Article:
A few years ago now, I was told to go and buy the Blu-ray Disc boxed set of a little television show called True Blood. Normally, when others recommend a film, television series, or pretty much anything for that matter to me, I need to be convinced that there is something to warrant my attention. True Blood, as media exhibitions go, was actually a pretty easy sell when the person telling me about it said the magic words. Anna Paquin was in it. So a couple of days and a substantial number of dollars later, I was sitting in front of my display unit (a forty-two incher at the time) and watching a television show called True Blood.
Bear in mind for now that I had not watched broadcast television in some years. I still have not watched any of it because I am physically unable to find anything I really want to watch on it. This, combined with the fact that what Australian broadcasters call High Definition and what I call High Definition are two very different things, means that broadcast as a medium has lost all interest factor for me. There is simply no way that the television I grew up watching can interest me any longer, either.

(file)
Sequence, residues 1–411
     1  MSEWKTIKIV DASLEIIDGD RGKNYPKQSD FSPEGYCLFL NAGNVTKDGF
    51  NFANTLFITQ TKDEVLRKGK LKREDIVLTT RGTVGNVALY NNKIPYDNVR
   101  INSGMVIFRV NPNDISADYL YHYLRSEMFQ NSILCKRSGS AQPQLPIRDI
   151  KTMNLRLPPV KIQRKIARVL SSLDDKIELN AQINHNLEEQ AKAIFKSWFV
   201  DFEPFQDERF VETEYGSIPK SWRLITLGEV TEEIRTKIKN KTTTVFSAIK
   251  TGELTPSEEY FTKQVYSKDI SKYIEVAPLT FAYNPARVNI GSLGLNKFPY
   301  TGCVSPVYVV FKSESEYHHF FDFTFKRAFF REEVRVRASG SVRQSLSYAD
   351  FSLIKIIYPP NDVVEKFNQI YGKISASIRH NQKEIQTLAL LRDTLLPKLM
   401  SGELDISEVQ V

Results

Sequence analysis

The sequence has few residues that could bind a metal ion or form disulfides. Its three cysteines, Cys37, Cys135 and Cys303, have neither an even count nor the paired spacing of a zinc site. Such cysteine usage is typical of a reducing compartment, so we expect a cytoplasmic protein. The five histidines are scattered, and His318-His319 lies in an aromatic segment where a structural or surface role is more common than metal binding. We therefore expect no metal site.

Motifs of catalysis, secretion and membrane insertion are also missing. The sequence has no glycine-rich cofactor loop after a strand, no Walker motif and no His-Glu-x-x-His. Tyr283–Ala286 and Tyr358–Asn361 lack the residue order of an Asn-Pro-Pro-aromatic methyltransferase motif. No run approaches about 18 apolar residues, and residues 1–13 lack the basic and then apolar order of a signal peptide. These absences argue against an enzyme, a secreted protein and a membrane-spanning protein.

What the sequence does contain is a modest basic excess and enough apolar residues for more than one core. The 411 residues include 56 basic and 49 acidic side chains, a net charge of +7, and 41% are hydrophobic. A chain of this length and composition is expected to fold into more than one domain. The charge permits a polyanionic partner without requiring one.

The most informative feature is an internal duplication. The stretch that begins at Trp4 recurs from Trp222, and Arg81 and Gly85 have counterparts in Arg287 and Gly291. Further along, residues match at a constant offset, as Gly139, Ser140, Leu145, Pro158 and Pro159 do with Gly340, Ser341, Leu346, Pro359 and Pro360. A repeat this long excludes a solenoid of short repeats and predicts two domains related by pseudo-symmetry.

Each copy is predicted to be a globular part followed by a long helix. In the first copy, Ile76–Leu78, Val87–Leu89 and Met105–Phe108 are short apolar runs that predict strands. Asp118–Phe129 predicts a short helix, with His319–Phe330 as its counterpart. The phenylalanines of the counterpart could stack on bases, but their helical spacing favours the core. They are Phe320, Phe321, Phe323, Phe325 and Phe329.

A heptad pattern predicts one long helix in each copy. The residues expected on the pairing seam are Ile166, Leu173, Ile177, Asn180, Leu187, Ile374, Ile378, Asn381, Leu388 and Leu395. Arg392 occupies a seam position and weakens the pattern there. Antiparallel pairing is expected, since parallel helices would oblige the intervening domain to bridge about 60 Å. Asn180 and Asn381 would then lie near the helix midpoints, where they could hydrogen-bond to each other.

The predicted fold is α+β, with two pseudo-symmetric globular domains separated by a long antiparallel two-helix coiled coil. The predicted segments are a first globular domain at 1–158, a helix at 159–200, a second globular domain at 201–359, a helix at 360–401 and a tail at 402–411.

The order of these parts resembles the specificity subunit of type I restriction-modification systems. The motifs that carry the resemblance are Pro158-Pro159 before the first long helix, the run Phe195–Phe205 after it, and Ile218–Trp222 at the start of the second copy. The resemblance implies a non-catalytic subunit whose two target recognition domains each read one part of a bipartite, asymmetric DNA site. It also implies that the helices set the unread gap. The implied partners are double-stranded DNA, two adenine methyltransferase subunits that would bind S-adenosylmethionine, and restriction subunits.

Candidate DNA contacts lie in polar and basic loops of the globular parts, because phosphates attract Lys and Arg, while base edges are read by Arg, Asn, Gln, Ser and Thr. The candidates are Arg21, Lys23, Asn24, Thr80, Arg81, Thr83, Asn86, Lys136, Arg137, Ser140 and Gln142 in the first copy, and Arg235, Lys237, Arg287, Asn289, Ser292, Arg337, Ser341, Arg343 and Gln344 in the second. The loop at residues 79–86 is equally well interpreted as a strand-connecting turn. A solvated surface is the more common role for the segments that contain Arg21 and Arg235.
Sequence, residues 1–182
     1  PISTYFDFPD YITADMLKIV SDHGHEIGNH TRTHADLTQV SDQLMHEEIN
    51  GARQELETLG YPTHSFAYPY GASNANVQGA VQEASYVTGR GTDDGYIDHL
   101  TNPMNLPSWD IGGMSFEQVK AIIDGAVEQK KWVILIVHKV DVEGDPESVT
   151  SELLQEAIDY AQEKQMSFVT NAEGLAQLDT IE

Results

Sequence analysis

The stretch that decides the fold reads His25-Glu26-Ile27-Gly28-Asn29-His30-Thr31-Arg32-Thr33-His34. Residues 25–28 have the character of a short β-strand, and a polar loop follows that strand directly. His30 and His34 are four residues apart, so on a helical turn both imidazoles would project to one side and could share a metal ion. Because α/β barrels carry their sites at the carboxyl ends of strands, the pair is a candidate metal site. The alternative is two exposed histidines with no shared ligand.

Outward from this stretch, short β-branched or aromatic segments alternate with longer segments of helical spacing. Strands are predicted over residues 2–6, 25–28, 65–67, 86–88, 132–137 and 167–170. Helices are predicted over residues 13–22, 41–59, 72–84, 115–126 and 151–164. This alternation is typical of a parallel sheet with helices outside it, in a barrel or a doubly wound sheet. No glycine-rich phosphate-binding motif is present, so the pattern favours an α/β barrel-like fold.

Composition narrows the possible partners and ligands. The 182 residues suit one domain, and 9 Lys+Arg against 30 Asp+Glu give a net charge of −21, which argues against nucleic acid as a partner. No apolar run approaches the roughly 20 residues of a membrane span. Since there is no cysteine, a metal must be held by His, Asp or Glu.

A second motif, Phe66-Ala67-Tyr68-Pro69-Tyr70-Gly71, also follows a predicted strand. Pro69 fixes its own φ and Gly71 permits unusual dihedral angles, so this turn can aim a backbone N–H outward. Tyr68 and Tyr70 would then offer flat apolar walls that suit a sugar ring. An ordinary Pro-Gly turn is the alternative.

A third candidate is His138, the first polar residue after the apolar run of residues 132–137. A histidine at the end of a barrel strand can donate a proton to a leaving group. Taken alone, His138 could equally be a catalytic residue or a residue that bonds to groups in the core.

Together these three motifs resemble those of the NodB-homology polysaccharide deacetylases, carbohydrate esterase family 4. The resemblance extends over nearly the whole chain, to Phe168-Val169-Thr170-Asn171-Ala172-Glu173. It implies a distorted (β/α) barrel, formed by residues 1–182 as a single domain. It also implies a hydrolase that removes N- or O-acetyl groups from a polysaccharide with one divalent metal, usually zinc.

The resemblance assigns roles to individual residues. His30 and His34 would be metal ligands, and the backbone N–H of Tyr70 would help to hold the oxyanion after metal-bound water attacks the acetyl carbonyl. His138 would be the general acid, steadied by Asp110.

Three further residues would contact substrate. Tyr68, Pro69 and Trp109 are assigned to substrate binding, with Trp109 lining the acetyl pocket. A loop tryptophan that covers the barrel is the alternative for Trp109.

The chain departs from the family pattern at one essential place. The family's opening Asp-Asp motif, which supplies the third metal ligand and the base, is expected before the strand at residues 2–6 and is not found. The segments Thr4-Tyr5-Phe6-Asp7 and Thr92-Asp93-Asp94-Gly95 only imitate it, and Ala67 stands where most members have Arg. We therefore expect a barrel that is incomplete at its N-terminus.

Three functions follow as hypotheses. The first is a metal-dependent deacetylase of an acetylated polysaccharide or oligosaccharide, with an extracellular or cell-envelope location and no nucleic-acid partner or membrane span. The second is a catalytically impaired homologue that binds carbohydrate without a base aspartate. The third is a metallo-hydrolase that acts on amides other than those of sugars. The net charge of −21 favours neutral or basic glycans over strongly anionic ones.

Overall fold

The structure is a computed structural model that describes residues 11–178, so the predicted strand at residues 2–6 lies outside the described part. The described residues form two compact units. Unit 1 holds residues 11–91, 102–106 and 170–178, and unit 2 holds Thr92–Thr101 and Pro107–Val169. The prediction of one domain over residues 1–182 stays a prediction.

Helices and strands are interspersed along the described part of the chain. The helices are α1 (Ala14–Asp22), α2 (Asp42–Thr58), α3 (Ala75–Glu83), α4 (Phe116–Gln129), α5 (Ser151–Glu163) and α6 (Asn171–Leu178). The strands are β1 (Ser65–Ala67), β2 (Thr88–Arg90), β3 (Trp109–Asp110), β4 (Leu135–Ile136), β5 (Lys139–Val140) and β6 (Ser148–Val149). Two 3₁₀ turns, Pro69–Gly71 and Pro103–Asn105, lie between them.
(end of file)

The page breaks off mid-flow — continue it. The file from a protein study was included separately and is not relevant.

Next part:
There is a reason for this. When I was between the ages of five and twelve years, there was a television series broadcast here every week that followed what we will describe as a variety format. Department-like sketches, sort of like articles in Mad Magazine. The order was both somewhat random and predictable, and some sketches were more interesting than others. But the germane point here is that every episode had interviews with celebrity guests, usually in order to promote something that the celebrity in question was connected with. Now, Daryl Somers, the man who hosted this show, known as Hey Hey It’s Saturday (or Oh No It’s Saturday as some derisively call it) is known for a number of things. An ego gone out of control, an idiot, a poor presenter, you name it. But probably the quality that stands out the most to me with Daryl Somers by far is the child-goggles. That is, unless the person he is addressing happens to be bigger than him, noticeably older, and often male, he will address them as if they are a child. Christina Ricci became the victim of this aspect of Daryl Somers‘ annoying personality whilst doing publicity rounds for one of the Addams Family films that she played Wednesday in.